It is widely accepted that that the patterns of action potentials in neuronal circuits underlie cognitive functions such as perception, memory and decision making. Thus, knowledge on structural connectivity in neuronal circuits is necessary for understanding information representation and processing in local circuits. However, as some examples of well-characterized neuronal architectures illustrate, structural connectivity alone it is not sufficient to predict how input stimuli are mapped onto activity patterns of neuronal populations and how the collective dynamics of all neurons in the network leads to behavior. Addressing this challenge has been hampered by lack of appropriate tools and methods that allow parallel and spatiotemporally specific application of excitation patterns onto neuronal populations while capturing the dynamics of the network activity at high spatial and temporal resolution. We are trying to address this issue by developing new optogenetics and imaging techniques based on a combination of advanced optical techniques, molecular biology and mathematical methods.
The recently discovered class of genetically expressible photoactivatable ion-channels such as Channelrhodopsin has enabled the optical control of neural activity. The most widely used approach has been the optical activation of the genetically expressed light-gated ion-channel, Channelrhodopsin-2 (ChR2), to initiate population activity in neuronal circuits. However, given the low channel conductance, the initiation of action potentials is only possible when a sufficiently large number of channels are activated at the same time, which has made single cell resolution of optogenetic activation a major challenge.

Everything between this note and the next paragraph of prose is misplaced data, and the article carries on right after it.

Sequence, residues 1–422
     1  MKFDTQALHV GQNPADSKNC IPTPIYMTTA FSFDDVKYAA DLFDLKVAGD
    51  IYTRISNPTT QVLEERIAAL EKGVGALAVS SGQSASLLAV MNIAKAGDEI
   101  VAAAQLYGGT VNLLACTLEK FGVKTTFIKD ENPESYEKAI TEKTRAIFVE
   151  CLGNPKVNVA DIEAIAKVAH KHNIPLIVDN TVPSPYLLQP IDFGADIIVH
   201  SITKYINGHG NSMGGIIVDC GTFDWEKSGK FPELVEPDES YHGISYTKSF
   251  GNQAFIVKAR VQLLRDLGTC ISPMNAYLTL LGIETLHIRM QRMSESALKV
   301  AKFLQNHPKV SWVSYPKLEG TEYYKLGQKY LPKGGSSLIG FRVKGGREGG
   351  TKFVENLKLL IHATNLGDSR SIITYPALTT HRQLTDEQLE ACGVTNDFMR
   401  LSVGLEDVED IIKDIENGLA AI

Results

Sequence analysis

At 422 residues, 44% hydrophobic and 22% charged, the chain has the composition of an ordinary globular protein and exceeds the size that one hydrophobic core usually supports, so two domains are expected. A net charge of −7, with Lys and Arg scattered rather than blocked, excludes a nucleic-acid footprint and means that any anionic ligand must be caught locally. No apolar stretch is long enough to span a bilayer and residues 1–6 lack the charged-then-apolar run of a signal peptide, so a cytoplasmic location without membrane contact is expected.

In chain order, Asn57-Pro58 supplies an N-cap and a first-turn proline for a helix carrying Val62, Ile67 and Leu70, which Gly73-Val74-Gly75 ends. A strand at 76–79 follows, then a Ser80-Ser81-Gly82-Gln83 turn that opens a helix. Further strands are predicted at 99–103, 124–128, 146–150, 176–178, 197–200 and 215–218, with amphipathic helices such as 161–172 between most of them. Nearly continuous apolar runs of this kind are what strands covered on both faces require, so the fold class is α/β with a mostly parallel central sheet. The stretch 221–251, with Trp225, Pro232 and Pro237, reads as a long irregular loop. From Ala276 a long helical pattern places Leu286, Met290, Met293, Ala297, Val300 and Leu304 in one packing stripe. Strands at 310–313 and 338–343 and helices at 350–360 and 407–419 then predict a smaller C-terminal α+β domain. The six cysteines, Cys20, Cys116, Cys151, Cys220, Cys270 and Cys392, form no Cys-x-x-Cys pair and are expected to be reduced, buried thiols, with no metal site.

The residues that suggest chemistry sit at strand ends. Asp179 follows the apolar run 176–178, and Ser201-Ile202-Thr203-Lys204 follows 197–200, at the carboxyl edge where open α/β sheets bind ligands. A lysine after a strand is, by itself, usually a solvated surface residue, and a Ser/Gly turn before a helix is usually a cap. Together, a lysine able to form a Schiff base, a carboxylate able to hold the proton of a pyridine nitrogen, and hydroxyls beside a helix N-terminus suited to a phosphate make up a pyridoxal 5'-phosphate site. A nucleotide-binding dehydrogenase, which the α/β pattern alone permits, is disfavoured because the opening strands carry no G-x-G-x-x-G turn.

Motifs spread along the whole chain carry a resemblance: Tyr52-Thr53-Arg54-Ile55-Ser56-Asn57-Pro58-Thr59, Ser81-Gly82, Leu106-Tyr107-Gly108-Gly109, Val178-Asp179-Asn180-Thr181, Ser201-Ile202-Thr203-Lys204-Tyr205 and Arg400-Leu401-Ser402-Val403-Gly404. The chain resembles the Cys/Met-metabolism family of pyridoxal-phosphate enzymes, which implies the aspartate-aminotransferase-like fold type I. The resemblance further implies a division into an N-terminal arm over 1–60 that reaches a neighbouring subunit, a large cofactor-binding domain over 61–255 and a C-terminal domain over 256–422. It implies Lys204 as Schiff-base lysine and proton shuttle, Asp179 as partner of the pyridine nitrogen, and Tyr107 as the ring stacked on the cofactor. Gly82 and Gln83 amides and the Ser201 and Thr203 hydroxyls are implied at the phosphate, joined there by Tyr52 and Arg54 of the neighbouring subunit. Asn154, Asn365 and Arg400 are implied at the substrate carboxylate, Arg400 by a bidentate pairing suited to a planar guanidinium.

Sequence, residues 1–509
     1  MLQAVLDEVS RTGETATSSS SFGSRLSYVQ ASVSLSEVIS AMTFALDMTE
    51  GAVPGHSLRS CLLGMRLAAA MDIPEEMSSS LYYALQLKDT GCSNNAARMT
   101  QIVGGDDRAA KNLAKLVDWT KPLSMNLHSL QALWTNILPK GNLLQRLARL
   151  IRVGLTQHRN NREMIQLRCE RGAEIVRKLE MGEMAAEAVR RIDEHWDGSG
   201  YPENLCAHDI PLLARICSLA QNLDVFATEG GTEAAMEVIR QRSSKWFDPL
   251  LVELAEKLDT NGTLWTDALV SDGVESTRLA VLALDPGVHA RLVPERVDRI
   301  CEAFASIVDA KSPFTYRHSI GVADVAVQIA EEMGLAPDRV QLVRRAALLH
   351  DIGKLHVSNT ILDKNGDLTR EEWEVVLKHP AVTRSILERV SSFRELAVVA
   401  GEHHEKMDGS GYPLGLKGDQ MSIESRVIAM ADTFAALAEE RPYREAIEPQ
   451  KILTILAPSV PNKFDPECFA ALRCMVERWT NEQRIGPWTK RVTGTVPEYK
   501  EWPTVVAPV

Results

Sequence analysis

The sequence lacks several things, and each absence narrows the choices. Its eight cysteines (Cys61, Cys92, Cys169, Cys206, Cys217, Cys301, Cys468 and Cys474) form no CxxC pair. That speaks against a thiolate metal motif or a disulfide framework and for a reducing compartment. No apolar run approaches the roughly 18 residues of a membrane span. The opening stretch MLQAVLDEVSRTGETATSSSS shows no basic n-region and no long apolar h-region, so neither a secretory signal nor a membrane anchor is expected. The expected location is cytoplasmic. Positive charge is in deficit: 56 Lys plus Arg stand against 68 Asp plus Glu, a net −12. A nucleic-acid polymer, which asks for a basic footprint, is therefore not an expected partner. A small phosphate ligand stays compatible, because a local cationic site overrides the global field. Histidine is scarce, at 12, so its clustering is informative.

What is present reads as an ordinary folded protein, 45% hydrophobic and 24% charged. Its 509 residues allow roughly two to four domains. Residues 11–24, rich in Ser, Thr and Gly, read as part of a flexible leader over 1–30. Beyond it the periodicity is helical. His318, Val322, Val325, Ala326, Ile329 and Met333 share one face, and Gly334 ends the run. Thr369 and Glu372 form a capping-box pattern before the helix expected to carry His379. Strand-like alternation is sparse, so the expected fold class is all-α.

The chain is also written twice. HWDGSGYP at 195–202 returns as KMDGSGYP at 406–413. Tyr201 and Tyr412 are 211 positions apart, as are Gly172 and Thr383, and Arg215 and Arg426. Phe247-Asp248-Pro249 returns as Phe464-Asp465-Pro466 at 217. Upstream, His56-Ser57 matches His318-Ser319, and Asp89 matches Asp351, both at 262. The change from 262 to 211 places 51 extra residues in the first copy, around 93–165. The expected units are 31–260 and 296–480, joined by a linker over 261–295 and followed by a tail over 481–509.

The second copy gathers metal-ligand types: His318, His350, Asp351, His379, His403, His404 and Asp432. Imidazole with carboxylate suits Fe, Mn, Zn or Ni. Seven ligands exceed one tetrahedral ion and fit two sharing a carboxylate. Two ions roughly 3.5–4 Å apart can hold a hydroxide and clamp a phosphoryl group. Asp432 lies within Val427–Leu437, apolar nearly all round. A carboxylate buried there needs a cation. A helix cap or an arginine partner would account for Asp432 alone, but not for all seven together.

To overcome these limitations, we have recently developed a scheme for fast, selective and targeted control of neuronal activity with single cell resolution in mouse and rat hippocampal slices. Using the scanningless technique of temporal focusing for which the axial beam profile can be controlled independently of its lateral distribution, large number of channels on individual neurons can be excited simultaneously leading to strong depolarizations (Fig. 1).
Additionally, using this approach cellular compartments such as dendrites and large inhibitory synaptic terminals can be activated selectively with high spatiotemporal precession (Fig. 2). This allows for fine manipulation of neuronal activity to study and control the function of neuronal microcircuits in vitro and in vivo. In particular in the context of neuronal circuit mapping and dendritic integration it can be used as a tool for high throughput mapping of connectivity and provides the means to study mechanism of neuronal input integration on a single neuron with unprecedented spatiotemporal resolution.
At the same time the application of this method on the neuronal network level allows to deliver defined neuronal input patterns onto neuronal populations. This can be used to interfere and manipulate the spatio-temporal structure of the pre-synaptic inputs that of a local neuronal population is receiving. We have demonstrated the power of this approach by mimicking the perisomatic inhibition patterns that hipocampal CA1 pyramidal neurons receive during place cell activity (see Fig. 3). We are interested in using the speed and flexibility that this technique provides to explore role of stochastically induced sub-threshold spontaneous activity pattern of individual, how they are integrated into the network dynamics by combing it with Ca2+ imaging and electrophysiology.
A. Vaziri and V. Emiliani,
Reshaping the Optical dimension in optogenetics
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Andrasfalvy, BK., Zemelman, BV., Tang, J., Vaziri, A.
Two-photon single-cell optogenetic control of neuronal activity by sculpted light
Proc. Natl. Acad. Sci. USA 107(26), 11981-6 (2010).
Losonczy, A., Zemelman, BV., Vaziri, A., Magee, JC.
Network mechanisms of theta related neuronal activity in hippocampal CA1 pyramidal neurons
Nature Neuroscience 13(8), 967-72 (2010).